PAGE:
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Bridging The Nation's Divides:

 

This College Is on the Front Lines of America’s Divides. Here’s How It’s Working to Bridge Them.

By Alexander C. Kafka SEPTEMBER 06, 2018  PREMIUM
 

 

Courtesy of MiraCosta College
Sunita (Sunny) Cooke (center, with MiraCosta College students) says racial incidents on campus when she became president in 2015 “made people very angry, for good reason. That was a moment of recommitment for us.”

 

On the front lines of the nation’s divides are campuses like MiraCosta College’s.

The community college, which stretches 25 miles along the Southern California coast, includes precincts that voted for Donald Trump and those that voted for Hillary Clinton. It includes communities where the median property value is $2 million and those where the median annual income is less than $60,000. The majority of its students are nonwhite. One-third are Hispanic. Marine Corps Base Camp Pendleton is its neighbor, and a significant proportion of students (8 percent) are active-duty members of the military, military dependents, or veterans.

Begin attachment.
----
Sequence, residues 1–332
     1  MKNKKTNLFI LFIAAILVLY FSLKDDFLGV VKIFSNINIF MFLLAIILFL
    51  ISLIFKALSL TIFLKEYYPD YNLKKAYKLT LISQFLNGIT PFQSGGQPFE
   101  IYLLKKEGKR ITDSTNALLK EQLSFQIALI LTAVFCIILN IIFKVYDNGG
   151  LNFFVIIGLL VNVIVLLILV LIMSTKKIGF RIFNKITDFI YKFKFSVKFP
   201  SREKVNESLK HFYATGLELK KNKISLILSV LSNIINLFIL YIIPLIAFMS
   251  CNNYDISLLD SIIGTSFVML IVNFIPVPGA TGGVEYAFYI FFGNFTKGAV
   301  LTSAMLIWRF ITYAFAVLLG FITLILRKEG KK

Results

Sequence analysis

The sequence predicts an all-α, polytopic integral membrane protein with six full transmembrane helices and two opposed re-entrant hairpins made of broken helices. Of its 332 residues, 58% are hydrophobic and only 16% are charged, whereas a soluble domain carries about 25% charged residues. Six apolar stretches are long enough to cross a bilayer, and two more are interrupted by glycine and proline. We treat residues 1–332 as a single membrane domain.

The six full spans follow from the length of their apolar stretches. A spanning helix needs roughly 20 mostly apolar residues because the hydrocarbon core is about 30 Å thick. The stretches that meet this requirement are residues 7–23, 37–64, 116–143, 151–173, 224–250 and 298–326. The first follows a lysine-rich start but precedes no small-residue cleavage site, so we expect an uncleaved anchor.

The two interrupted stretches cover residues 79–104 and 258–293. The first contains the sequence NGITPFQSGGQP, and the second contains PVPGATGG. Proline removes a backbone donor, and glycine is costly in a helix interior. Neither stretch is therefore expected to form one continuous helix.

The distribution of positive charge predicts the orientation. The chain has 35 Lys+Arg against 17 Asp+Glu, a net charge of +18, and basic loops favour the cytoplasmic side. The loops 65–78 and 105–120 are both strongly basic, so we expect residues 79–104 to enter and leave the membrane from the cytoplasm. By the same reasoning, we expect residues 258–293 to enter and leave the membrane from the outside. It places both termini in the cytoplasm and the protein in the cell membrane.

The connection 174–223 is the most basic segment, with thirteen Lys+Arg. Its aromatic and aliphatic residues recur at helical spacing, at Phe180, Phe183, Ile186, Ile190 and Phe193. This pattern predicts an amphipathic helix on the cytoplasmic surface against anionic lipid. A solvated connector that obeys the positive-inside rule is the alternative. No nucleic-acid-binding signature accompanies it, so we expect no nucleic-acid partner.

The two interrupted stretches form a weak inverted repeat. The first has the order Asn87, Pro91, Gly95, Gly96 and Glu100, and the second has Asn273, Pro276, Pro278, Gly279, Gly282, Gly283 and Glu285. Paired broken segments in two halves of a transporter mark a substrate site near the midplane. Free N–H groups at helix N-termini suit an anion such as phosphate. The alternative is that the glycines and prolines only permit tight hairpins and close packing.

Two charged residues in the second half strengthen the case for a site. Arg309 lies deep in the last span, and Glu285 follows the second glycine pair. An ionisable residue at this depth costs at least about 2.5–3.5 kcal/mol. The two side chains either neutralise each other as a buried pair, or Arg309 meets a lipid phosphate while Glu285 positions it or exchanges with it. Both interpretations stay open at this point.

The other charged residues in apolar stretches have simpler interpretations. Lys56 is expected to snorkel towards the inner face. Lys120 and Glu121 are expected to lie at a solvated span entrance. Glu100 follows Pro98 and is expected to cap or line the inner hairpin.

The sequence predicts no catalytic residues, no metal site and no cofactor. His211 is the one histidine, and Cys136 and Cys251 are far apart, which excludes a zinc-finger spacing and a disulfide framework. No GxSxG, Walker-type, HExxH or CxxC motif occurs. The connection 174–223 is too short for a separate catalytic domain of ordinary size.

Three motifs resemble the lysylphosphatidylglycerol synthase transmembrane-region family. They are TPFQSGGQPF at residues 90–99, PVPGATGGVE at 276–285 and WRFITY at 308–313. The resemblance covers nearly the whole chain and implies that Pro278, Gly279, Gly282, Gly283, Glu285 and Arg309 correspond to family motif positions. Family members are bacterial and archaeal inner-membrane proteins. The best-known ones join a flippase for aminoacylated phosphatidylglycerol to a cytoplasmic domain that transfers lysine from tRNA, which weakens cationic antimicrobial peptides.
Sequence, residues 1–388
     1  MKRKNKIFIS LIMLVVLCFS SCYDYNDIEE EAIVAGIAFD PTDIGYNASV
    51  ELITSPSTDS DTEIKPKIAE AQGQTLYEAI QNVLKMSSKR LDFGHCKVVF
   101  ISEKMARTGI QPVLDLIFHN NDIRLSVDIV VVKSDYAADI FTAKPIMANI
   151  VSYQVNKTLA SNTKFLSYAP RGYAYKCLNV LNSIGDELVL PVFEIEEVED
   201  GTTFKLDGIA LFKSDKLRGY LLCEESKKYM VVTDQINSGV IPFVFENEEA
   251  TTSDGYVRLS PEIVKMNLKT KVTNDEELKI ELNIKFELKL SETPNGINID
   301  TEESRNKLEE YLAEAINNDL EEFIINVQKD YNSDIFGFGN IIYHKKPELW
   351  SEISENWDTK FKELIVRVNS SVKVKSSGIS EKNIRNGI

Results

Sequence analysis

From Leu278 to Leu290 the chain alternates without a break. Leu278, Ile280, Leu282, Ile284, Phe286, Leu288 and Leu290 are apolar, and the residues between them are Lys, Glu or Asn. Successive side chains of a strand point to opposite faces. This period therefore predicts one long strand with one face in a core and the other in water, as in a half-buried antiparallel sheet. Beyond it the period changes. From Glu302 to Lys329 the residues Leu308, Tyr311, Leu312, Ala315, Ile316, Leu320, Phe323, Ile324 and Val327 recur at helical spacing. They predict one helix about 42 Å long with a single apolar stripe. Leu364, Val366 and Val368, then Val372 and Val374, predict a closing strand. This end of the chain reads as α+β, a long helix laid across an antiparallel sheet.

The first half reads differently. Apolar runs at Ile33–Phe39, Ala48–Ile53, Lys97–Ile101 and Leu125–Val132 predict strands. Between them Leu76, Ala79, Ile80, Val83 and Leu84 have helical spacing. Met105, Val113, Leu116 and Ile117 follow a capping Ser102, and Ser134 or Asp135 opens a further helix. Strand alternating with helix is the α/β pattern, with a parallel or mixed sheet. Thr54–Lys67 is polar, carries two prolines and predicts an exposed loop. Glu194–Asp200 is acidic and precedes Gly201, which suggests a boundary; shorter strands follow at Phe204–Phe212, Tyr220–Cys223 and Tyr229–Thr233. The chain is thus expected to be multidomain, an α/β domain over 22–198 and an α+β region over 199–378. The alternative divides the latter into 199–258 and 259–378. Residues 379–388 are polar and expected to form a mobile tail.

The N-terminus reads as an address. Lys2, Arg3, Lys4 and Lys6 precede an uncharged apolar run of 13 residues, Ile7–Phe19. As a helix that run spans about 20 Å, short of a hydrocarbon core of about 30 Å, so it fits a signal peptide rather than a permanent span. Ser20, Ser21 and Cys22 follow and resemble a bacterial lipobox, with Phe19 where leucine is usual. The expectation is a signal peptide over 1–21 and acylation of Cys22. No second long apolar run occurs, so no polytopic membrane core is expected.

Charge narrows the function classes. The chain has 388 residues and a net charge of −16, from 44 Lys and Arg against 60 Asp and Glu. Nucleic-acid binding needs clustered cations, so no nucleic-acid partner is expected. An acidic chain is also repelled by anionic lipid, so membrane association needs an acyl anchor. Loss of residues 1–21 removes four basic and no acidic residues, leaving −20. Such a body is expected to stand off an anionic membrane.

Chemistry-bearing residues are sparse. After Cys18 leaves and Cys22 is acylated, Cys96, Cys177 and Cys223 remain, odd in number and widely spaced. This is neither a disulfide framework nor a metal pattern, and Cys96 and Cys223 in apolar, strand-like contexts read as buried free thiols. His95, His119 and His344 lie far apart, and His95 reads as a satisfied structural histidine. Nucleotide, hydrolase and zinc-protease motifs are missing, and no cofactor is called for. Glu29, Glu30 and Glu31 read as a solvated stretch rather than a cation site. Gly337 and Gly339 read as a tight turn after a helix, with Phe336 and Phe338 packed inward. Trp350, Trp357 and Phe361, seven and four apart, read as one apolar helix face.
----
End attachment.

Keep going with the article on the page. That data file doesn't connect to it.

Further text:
Students represent "the extremes of ideological perspectives," says Kristen Huyck, MiraCosta’s communications director who also teaches political science there.

Idea Lab: Student Success

 
 

Tensions grew on the college’s two campuses as the U.S. presidential campaign intensified in 2015, the same year that Sunita (Sunny) Cooke became MiraCosta’s president. "White power" and drawings of phalluses defaced fliers for a Chicano-studies program. Racial slurs were written on the windows of a student club room.